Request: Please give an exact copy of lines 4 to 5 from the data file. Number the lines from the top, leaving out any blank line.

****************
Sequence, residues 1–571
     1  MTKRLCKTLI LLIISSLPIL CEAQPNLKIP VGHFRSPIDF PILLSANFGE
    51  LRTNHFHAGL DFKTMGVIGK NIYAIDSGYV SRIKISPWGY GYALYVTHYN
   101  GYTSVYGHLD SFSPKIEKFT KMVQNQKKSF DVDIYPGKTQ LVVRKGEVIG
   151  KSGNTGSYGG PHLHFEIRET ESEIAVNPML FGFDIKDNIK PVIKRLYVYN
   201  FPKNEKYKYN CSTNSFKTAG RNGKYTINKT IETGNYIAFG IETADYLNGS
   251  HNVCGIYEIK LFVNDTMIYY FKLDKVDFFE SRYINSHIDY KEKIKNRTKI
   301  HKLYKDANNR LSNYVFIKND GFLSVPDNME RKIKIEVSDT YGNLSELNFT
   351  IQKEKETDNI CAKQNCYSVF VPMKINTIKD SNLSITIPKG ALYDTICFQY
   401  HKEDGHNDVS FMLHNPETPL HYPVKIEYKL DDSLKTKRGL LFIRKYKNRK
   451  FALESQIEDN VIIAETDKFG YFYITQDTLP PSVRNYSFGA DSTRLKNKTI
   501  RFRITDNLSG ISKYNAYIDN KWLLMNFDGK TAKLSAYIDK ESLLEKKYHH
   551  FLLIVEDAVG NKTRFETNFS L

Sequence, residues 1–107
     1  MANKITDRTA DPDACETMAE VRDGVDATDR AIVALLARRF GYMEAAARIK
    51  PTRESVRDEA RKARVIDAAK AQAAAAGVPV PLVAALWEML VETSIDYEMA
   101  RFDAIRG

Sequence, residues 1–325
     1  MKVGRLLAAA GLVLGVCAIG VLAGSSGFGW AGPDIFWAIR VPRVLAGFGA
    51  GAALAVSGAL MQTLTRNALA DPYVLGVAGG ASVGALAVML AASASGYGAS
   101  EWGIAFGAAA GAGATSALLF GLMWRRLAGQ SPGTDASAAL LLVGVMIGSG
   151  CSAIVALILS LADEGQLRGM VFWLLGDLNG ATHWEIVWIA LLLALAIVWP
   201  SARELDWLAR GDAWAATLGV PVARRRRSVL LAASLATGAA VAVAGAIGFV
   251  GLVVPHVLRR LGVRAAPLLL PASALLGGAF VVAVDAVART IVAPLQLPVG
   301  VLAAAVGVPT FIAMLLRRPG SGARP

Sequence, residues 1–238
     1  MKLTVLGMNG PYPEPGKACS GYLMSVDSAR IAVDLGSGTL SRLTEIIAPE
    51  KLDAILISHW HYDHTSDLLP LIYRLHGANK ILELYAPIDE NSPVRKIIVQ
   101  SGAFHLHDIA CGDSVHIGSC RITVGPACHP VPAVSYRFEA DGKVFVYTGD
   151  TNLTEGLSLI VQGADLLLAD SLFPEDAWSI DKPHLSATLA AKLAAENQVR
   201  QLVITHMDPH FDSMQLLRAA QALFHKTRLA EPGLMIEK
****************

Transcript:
   101  GYTSVYGHLD SFSPKIEKFT KMVQNQKKSF DVDIYPGKTQ LVVRKGEVIG
   151  KSGNTGSYGG PHLHFEIRET ESEIAVNPML FGFDIKDNIK PVIKRLYVYN